Highwoodshire remains strategically valuable as a geographic strongpoint with many remnant structures, but it has been some time since any group was permitted to maintain fortifications in the area. Instead, it is a fairly quiet place these days. Its quiet is only marred by the rumors of old treasures, secrets, and shames hidden deep in the old ruins, and by the whispers of forbidden rituals and almost-forgotten ways maintained by ancient sects in the wooded hills overlooking the peaceful farmland below.

The Cenote of Tetlekcheh

The Cenote of Tetlekcheh drops from the jungle floor deep into the rock below. Far below the surface, dark water glimmers in the noon sun, patinated by streams of leaf-filtered sunlight. The ruins above have long since been worn away or overgrown, but within the cenote it is different; an entire city remains there, etched and built into the walls of the broad cavern’s mouth.

Though all (or almost all) agree that the original inhabitants left long ago, few agree as to why. What is known for sure is that the cenote still holds great importance to many despite its relative neglect. Some see the cenote as a religious site, and a brave few force themselves through the jungles around the cenote in order to make their pilgrimage and pay homage. Others claim that the cenote is in fact an entrance to far more important and extensive networks of caves and waterways, which were (they claim) the reason that the city within it was built in the first place. Everyone agrees that the remnants of those who once lived there are valuable, even though most of the remaining artifacts lie below the water deep within the pit.

The buildings which line the wall of the pit all open onto a spiraling thoroughfare which runs, like a screw’s thread, up and down the pit’s edge in one long line. Here and there steeper, faster routes up and down exist: ancient stone stairways, carved ladder rungs slick with condensation, even what must be carved eyelets for rope and pulleys to maneuver loads up and down the cenote’s walls. Most who visit do not venture within, instead staying safe as they pay their respects above.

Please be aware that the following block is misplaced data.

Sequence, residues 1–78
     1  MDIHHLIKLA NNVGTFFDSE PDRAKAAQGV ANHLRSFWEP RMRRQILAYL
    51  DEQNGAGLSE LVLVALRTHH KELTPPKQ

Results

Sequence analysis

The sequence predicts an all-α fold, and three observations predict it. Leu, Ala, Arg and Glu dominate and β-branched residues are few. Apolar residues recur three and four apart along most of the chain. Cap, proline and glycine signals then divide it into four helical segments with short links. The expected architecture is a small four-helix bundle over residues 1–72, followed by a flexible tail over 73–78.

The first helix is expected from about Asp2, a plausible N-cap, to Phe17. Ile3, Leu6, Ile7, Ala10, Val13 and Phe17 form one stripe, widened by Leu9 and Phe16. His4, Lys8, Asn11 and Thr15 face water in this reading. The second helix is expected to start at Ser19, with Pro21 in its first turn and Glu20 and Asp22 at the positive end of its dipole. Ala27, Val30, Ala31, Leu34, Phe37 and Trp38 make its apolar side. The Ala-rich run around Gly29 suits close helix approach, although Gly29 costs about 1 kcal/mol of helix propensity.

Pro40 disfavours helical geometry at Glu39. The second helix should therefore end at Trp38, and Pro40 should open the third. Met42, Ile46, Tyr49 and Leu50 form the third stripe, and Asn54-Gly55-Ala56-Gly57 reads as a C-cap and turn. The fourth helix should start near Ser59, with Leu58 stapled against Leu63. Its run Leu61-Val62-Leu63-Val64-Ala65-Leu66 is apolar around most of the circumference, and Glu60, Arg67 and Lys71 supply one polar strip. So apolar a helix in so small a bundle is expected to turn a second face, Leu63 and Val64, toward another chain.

There are those who claim to have traded with dwellers below, and those who have ventured in who say that they have been chased out by the things still there inside. Certainly some have thrown valuable goods into the cenote, usually gold or other precious metals and gems, explaining that they do so to propitiate the things that dwell below. Others have thrown goods into the cenote in apparent expectation that they will receive goods in return, or perhaps have their wishes granted. It is not clear to what extent they have received either goods or fulfilled wishes.

The few who do venture down into the cenote quickly learn that centuries of neglect and the constant dripping of water will make nearly any surface perilously slippery.

The cenote smells of wet stone, dirt, mellow old rot, and moss and other greenery. It echoes with birdcalls from above, croaking frogs from below, and the chirrups of peepers and other small insects. The jungle’s regular storms resound in the confined space, the sound of rainfall drowning out all other noise as it reverberates from the water below like a massive buzzing drum.

Those storms constantly refill the cenote, though its water level varies more than the casual observer might anticipate. Many floors of buildings remain un-flooded, eroded by plants and the constant drip of water, but there are several floors which are only sometimes inundated, and a few more below the usual waterline that sometimes drain. Without any warning, the cenote has been known to fill rapidly on a sunny day, or to drain suddenly during a storm. Those who pay careful attention have their theories, but a few of them are quite able to forecast reliably when the cenote will lose more of its water and reveal some of its usually sodden secrets.

The recovery of those secrets is a remarkably rewarding exercise, even if it is a dangerous one. There are many who would like to have something from within the cenote, but who are not willing to venture in there for themselves—and there are some who would like to have trustworthy company for such a quest. The removal of those secrets, be they artifacts, ancient valuables, or even simply knowledge of those who once dwelled there, is strongly opposed by some others, and it’s possible that there have been murders committed both for and against the recovery of such things.

All who would venture in do so at their own risk. Even during the height of the day, little effective sunlight reaches into the cenote’s depths. Those who would bring their own light are well advised to make sure that it will withstand constant dripping water from above. Those who would bring anything that might soak through, rot, or otherwise be destroyed by moisture are best advised to abandon their attempt, or come to terms with the temporary nature of such things. Furthermore, the constant gentle passage of water (and the occasional violent passage of it) has left much of the cenote’s architecture unstable. The thoroughfare crumbles and collapses in places, and nearly all of it is slick.